Supermarket shelves creak and bend under the weight of snack foods, confectionery and ready meals all sold in large or mega size packets. Cakes are smothered in butter cream, loaves of bread are several foot long and milk is sold by the gallon. Little space is set aside for fresh fruit and vegetables and what is available is limited to a few staples. Meat is sold as huge cuts often covered with sauces and flavourings. Many places are food deserts where there is little opportunity to eat healthy.
Eating out in America is an equally unhealthy habit for most people. The food is smothered with sweetened sauces and dressings, the portion sizes are huge and vegetables, other than potatoes in various forms, are a rarity. Drive down any main road and its restaurant, after fast food outlet, after ice cream shop, after coffee bar. There are good restaurants and there is good healthy food to eat, its just that too many people have lost the habit.
They used to say you’ll never find anyone who can cook like your mother. With the supermarket shelves groaning under the weight of ready meals and processed foods that saying may no longer be true. However, in my case its very true. My mother was a good cook, nothing fancy, just all the basic British dishes executed with skill time and again. There are a number of things she used to cook that I will never eat again even though I have searched out many alternative recipes and tried different combinations of ingredients.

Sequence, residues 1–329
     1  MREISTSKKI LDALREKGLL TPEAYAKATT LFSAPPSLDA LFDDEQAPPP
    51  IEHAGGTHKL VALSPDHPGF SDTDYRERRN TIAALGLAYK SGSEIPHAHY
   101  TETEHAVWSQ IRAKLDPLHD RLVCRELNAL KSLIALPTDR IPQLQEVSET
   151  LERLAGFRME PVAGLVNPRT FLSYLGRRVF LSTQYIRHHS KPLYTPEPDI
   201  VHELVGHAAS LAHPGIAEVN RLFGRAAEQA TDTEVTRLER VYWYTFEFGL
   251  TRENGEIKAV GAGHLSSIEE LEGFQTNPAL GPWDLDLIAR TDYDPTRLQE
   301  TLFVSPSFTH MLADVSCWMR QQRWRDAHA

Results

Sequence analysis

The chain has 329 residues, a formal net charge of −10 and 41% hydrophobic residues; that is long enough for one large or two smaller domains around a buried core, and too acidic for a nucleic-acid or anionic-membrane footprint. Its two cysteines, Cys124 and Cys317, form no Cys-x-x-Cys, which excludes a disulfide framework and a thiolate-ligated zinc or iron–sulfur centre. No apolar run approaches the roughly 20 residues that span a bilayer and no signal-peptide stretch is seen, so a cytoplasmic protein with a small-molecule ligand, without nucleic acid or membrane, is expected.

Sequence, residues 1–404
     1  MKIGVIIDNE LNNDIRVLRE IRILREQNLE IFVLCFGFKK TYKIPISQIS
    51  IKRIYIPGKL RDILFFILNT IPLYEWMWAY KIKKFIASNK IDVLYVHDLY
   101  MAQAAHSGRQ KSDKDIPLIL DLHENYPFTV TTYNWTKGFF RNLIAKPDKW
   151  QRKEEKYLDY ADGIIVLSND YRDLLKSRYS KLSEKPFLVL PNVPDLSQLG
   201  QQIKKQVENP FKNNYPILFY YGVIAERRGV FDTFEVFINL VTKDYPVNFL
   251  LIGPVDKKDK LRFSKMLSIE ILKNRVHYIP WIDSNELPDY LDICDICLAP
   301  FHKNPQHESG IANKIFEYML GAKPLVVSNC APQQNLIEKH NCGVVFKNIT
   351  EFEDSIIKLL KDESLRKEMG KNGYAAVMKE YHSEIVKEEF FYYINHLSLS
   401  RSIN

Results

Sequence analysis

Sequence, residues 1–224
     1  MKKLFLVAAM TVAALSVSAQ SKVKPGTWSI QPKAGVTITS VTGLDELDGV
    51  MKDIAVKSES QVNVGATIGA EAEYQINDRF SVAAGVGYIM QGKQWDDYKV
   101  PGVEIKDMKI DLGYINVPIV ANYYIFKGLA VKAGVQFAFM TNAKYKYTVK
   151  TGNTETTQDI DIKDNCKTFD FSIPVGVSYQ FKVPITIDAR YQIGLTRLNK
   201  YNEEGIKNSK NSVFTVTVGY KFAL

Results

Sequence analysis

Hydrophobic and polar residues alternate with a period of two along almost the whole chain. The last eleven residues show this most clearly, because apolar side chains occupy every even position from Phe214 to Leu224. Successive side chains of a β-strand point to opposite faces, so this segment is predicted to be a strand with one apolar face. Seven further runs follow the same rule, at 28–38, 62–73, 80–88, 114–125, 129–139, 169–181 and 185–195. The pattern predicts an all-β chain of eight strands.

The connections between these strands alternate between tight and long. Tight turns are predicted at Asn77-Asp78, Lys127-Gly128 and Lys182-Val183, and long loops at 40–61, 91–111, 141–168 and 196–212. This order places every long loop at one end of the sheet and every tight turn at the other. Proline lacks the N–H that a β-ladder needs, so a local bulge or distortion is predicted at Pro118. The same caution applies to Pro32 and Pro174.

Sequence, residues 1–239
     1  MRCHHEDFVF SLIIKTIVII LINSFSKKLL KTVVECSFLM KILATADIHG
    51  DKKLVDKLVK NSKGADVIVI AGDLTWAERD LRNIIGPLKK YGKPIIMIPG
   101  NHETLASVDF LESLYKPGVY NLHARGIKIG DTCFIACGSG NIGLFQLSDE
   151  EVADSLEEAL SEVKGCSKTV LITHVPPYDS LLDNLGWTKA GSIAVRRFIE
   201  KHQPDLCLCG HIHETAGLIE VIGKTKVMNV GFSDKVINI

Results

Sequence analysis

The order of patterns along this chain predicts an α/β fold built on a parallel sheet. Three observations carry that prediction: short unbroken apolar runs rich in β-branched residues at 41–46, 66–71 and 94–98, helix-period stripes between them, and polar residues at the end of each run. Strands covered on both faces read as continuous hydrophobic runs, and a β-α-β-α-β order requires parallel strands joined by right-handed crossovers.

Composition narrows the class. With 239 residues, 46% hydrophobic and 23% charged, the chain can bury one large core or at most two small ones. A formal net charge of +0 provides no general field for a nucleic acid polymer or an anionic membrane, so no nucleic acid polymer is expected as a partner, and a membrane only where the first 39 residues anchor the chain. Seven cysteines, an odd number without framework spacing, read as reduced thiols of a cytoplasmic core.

Her pastry was light, buttery and crisp, her sponge cakes were soft, golden and moist, her bread pudding was dark, spicy and full of fruit. In her teens she cooked for her family after her mother died and at the start of WW II she joined the WAAF to become a cook at RAF Stanmore. She learnt to make the most of the limited resources available although this was generally better than the rations the nation had available for civilians. She occasionally cooked for visiting American airmen who would arrive with their own rations of prime steak, fat chickens and bags of fruit, much to the envy of the English airmen.
My personal favourites were her puddings, particularly when made with suet. Spotted dick, apple dumplings, syrup sponge, treacle tart, lemon pudding, trifles and best of all Christmas pudding. Made in spring and left to mature for nine months, they were almost black, rich, very spicy and full of fruit. She had a silver threepenny piece that we would ceremoniously drop into the mixture as an added enticement. One year when the coin could not be found we added several small metal trinkets previously found in Christmas crackers. During the following Christmas meal we searched our dishes looking for the little silver prizes. None were found, we can only assume my father ate them.